A History of STRUM
by Roy Matson
The Unity Cooperative Creamery Company

Wheat was a quick cash crop when the first furrows were turned back in the early 1870ís.
For several years it commanded a fair price but when heavy yields of better western grain
filled the markets local settlers began viewing the cow with a favorable eye.

Cattle inventories were small in those days. The first assessment for Unity in 1878 showed
a total of only 491 cloven hoofed animals. An interesting note reveals over 3700 in the
same township about 90 years later. There is good reason for this first low figure. Settlers
were breaking up new land as quickly as possible and milk for family use which was also
made into butter and cheese was the sole purpose for having a cow or two. Also, barbed
wire had yet to be introduced. There were therefore no fences and annual town meetings
always had a P. B. Williams resolution quoting a law that required a herder be with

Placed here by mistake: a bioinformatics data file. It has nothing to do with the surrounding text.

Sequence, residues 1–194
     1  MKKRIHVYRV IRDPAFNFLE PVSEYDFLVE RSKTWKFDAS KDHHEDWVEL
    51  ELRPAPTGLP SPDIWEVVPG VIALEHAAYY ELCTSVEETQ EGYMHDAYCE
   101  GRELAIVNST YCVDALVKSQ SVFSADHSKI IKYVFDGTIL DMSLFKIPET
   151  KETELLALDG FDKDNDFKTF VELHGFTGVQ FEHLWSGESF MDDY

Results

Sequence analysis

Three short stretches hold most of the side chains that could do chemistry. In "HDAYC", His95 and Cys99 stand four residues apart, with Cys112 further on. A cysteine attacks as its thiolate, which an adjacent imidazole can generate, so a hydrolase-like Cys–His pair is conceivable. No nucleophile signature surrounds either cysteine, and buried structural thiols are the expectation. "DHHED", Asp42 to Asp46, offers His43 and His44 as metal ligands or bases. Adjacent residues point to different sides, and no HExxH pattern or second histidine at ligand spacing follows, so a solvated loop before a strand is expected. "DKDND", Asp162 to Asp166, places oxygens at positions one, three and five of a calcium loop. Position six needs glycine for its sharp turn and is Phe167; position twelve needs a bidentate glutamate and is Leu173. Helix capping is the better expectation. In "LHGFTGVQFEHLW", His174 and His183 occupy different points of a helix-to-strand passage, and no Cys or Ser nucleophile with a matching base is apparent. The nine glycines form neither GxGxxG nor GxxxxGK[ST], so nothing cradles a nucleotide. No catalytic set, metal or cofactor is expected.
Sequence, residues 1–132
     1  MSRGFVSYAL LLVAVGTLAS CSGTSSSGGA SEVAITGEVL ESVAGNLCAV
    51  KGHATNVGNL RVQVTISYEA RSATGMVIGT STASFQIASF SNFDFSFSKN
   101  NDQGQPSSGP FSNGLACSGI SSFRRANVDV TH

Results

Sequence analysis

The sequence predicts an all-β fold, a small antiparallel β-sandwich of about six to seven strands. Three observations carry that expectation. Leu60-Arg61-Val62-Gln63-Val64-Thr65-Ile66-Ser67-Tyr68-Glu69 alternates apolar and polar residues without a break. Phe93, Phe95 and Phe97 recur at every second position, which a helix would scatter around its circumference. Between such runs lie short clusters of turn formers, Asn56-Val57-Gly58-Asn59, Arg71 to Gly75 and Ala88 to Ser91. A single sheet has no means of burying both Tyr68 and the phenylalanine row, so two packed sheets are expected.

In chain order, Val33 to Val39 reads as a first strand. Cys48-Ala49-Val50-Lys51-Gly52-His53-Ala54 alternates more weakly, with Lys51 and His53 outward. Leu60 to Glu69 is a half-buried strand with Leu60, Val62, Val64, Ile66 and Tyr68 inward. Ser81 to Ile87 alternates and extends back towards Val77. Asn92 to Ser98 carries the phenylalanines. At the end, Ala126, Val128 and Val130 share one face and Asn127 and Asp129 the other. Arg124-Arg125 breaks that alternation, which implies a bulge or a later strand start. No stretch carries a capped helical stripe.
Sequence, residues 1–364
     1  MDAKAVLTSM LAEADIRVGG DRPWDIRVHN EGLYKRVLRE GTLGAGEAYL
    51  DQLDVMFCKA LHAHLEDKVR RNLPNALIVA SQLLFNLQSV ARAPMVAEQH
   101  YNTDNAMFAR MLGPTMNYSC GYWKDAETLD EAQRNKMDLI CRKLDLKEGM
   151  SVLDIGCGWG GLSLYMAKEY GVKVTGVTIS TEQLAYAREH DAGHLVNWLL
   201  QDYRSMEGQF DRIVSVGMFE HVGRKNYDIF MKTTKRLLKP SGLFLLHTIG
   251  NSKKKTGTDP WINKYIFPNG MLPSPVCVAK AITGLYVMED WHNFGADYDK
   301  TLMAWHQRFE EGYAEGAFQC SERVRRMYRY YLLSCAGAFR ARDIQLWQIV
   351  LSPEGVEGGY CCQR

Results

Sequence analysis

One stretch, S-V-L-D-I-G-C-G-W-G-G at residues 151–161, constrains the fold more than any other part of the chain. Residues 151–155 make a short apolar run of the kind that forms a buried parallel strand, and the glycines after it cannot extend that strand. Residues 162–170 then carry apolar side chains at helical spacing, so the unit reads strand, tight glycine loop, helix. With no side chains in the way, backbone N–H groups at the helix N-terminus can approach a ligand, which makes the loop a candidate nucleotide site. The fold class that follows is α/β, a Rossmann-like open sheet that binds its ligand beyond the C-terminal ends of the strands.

grazing cattle and that such animals be penned securely at night. The resolution always
passed, usually unanimously. Stray cattle were a problem in those days.

Sometime during the early 1880ís when these first settlers, especially the Norwegians,
could draw a few relaxed breaths, they heard rumors regarding the sale of milk for making
cheese and the sale of cream for butter manufacturing. There were no farm magazines
available those days. News came slowly, rumors just moved. But local residents were soon
aware of this new possibility. Women of nearly every household churned butter so it was
natural that this product attracted initial interest. A private buttermaking effort had begun
in Arcadian sometime after 1883 and a couple of years later a cooperative was making
butter near Ettrick. Handling of milk, however, was a touchy business. At first cream for
making butter was
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